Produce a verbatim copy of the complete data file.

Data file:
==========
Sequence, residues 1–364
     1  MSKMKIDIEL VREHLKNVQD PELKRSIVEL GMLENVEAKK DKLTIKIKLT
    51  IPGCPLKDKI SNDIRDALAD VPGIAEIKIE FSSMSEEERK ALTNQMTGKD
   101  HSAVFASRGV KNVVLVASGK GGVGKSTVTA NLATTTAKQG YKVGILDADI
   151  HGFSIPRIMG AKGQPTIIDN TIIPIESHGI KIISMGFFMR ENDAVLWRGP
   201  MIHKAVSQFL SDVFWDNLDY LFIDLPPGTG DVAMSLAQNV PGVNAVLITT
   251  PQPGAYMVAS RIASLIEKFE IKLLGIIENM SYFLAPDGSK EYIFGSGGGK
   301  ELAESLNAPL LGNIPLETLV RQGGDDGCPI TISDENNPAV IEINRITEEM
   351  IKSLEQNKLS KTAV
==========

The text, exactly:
Sequence, residues 1–364
     1  MSKMKIDIEL VREHLKNVQD PELKRSIVEL GMLENVEAKK DKLTIKIKLT
    51  IPGCPLKDKI SNDIRDALAD VPGIAEIKIE FSSMSEEERK ALTNQMTGKD
   101  HSAVFASRGV KNVVLVASGK GGVGKSTVTA NLATTTAKQG YKVGILDADI
   151  HGFSIPRIMG AKGQPTIIDN TIIPIESHGI KIISMGFFMR ENDAVLWRGP
   201  MIHKAVSQFL SDVFWDNLDY LFIDLPPGTG DVAMSLAQNV PGVNAVLITT
   251  PQPGAYMVAS RIASLIEKFE IKLLGIIENM SYFLAPDGSK EYIFGSGGGK
   301  ELAESLNAPL LGNIPLETLV RQGGDDGCPI TISDENNPAV IEINRITEEM
   351  IKSLEQNKLS KTAV